The point is, people sling around the phrase "freedom of speech" to mean several different and often inaccurate things.

An inventory (which is not necessarily exhaustive):
  1. People confuse the absence of external coercion of speech with the absence of normative standards' applicability to speech (such as in Leiter's reasoning).
  2. People confuse freedom of speech with the quality of speech -- with its objectivity or truth or wisdom, for instance (as in [Bill] O'Reilly's remark about a free press).
  3. People confuse freedom of speech with the value of speech or with the value of a particular thing that is said. Yet the fact that a particular person's speech makes no positive contribution to the advance of knowledge or to the resolution of a question tells us nothing about whether his speech is free. (Leiter's contention that we should rein in freedom of speech because much speech has little value reflects this confusion.)
  4. Closely related, people confuse the value of speech with the value of freedom of speech. Yet in fact, the value of a particular exercise of the right to speak (e.g., of Jim's particular utterance at the meeting last Friday) does not dictate the value of his, or of anyone's, having the freedom to say what he likes. The value of particular instances of speaking is not identical with the value of freedom of speech -- of that general condition.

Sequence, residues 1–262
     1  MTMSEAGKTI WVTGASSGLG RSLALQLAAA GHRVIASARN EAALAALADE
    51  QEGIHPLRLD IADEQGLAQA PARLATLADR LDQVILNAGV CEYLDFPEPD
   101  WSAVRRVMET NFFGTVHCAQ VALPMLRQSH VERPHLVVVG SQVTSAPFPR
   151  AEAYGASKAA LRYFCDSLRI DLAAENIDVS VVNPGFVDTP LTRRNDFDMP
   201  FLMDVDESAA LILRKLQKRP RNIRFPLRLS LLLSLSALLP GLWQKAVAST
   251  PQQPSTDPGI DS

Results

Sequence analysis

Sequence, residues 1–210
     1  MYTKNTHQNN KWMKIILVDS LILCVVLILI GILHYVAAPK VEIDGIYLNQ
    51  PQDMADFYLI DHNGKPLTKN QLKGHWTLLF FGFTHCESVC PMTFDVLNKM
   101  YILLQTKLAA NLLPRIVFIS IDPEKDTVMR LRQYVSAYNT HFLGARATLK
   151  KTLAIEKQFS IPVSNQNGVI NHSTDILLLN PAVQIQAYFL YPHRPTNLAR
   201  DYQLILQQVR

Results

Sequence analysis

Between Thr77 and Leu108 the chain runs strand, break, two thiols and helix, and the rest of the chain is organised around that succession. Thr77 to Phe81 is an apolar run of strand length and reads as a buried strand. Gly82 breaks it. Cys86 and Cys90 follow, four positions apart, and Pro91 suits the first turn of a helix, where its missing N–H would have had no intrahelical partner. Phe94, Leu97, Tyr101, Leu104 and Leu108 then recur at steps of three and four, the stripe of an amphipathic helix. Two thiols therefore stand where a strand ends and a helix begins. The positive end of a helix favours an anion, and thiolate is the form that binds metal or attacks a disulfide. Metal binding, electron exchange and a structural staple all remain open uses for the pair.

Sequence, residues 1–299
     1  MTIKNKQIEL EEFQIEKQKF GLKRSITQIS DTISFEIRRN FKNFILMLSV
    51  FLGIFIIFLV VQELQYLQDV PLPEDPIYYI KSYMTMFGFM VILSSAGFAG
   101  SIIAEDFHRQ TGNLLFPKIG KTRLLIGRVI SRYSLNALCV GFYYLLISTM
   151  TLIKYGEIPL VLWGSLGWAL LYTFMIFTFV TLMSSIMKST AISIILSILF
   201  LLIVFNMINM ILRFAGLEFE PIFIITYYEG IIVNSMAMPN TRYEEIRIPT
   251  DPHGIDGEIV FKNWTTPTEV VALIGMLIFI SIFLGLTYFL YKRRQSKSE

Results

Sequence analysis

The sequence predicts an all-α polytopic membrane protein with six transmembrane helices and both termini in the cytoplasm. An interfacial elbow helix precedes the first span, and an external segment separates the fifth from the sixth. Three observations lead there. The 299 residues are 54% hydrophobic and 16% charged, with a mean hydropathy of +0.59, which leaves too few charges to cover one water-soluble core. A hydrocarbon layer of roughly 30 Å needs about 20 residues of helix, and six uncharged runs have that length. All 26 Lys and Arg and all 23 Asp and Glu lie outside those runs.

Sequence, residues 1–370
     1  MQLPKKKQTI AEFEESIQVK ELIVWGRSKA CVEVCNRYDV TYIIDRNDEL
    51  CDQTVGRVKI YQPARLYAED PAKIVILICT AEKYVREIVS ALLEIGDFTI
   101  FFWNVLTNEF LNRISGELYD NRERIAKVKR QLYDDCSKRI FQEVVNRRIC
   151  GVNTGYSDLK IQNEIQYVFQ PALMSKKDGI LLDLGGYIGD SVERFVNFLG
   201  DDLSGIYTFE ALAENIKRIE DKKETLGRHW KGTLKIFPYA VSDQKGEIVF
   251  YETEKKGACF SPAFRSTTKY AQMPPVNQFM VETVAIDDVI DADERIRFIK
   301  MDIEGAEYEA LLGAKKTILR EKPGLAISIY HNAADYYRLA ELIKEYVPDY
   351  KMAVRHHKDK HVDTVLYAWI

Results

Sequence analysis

5. People often mistake freedom for license -- for the prerogative to do as one pleases, subject to no boundaries whatsoever. This notion is implicit in [Steven] Pinker, [Jeremy] Waldron, [Eric] Heinze, and [Emma] Teitel, for instance, each of whom viewed legal limits as exceptions to free speech that demonstrate its not being absolute. In fact, these would be exceptions (abnormalities) only on the supposition that the governing norm should be utterly boundless, that respect for true freedom demands allowing individuals carte blanche. Yet as John Locke recognized, "[f]reedom is not, as we are told, [a l]iberty for every [m]an to do as he lists: (For who could be free, when every other [m]an's [h]umour might domineer over him?)." And this mistake is linked with yet another.
  6. People often overlook the fact that "speech" is a wider category than "freedom of speech." "Speech" does not mean "freedom of speech."
    Image of inscription of First Amendment via Wikipedia.
    Indeed, it is for this reason that the First Amendment decrees that "Congress shall make no law . . . abridging the freedom of speech" rather than "no law abridging speech." "Freedom of speech" refers to a specific subset of speech: of all the speaking that a person is capable of engaging in, it is that portion that he may rightfully engage in (i.e., without infringing on others' rights). The Amendment's language respects the difference between that which a person can say and that which a person is entitled to say. Correspondingly, the fact that a person's speech is restricted does not entail that his freedom of speech is restricted. It might be or might not be, depending on whether the restricted speech falls within his rightful freedom of speech, that is, the speech that he is entitled to engage in. And in light of this, we should be able to appreciate a final confusion: